802.11n: In the Air Tonight
This all makes sense from a purely technological standpoint. 802.11n is based on multiple-input/multiple-output (MIMO) antenna technology, which dramatically increases the data transfer rates and steady throughput of the WiFi network. This should, in theory at least, be especially useful for larger enterprise and muni deployments that will have more users and traffic than home networks.
Its no secret to those in the industry that several enterprise WiFi vendors are gearing up to unveil so-called "pre-n" product. They will be following in the footsteps of firms such as Aruba Networks Inc. (Nasdaq: ARUN), Bluesocket Inc. , and Foundry Networks Inc. (Nasdaq: FDRY) that already have pre-n multi-antenna access points on their roadmaps. (See Next-Gen Challenges for Enterprise WLAN
Vendors such as Ruckus Wireless Inc. and Strix Systems Inc. are looking at various ways of using the WiFi technology to increase capacity in mesh networking deployments – both indoors and outside. (See Strix Meshes With Samsung and Ruckus Provokes RIOT.)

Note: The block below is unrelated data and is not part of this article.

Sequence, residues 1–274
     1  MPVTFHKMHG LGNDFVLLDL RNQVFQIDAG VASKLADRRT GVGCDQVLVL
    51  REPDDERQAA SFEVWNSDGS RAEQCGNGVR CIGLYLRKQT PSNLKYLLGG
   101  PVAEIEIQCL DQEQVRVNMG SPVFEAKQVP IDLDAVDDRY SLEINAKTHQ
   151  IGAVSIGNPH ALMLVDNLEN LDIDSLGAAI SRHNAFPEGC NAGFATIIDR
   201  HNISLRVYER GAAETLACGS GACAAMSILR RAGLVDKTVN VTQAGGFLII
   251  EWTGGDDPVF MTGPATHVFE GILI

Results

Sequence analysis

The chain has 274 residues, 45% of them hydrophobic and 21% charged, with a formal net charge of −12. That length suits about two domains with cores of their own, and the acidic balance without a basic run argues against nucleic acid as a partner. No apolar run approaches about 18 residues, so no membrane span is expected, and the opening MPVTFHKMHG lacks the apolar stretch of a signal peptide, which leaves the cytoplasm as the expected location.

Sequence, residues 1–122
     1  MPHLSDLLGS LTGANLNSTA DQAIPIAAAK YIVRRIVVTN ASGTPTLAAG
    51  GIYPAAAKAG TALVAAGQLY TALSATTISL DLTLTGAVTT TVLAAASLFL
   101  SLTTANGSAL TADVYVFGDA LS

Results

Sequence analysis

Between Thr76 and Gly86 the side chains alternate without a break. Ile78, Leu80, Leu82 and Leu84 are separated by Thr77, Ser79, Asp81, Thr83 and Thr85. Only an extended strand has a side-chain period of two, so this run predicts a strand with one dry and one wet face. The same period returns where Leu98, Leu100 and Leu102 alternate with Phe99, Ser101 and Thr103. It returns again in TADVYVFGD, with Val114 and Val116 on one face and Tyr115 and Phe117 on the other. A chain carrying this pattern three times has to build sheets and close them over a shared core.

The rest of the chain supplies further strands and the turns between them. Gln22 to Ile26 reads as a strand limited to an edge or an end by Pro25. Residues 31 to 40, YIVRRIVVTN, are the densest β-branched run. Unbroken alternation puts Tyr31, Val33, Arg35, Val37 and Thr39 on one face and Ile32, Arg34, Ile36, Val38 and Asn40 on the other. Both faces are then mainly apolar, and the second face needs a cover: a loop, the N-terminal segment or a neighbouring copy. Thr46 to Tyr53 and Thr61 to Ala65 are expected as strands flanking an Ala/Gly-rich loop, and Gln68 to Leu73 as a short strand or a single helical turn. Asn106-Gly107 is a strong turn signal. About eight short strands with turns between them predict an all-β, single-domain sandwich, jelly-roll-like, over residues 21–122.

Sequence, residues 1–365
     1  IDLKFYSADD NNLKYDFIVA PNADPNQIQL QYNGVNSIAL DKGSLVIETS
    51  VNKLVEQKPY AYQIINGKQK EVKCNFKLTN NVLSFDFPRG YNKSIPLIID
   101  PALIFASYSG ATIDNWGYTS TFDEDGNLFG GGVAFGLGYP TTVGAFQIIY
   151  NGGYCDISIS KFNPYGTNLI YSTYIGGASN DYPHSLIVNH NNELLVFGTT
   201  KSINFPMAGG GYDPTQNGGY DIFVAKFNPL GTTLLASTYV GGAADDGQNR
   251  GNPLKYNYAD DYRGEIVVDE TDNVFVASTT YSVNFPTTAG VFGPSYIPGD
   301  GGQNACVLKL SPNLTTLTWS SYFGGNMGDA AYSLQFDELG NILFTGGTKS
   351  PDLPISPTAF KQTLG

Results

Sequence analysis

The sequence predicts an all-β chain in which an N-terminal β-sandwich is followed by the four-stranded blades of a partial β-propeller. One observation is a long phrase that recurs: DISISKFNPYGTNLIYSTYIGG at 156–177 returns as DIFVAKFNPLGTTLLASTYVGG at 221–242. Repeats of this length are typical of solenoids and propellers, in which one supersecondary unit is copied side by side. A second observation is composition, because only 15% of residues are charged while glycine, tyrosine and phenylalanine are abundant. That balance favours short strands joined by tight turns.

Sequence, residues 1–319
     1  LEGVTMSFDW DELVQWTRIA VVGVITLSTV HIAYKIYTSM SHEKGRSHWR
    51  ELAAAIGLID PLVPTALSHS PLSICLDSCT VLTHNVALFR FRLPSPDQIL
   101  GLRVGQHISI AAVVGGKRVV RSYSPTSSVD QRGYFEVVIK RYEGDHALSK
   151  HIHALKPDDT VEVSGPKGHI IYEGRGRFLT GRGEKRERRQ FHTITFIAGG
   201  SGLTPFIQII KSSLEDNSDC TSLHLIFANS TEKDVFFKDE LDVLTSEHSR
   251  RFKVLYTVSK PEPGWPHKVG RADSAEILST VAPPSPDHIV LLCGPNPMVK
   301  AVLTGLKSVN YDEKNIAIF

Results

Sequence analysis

Enterprise and government users, however, have traditionally been much more cautious about adopting cutting-edge WiFi tech than consumers. It can be a drag if the access points in your multimillion-dollar deployment don't work well together.
Vendors, however, appear to be betting that this time corporate types will be happy to jump the standards gun. There's one major reason for this:
The Wi-Fi Alliance has said that it will do interoperability testing and certification on pre-n products before the standard is ratified. This – combined with the perception that the standard itself won't change in any serious manner between now and ratification in September – is leading some vendors to push ahead with high-speed enterprise and muni products. (See 802.11n Standard Slowly Approaches.)
We shall see if users buy it.
— Dan Jones, Site Editor, Unstrung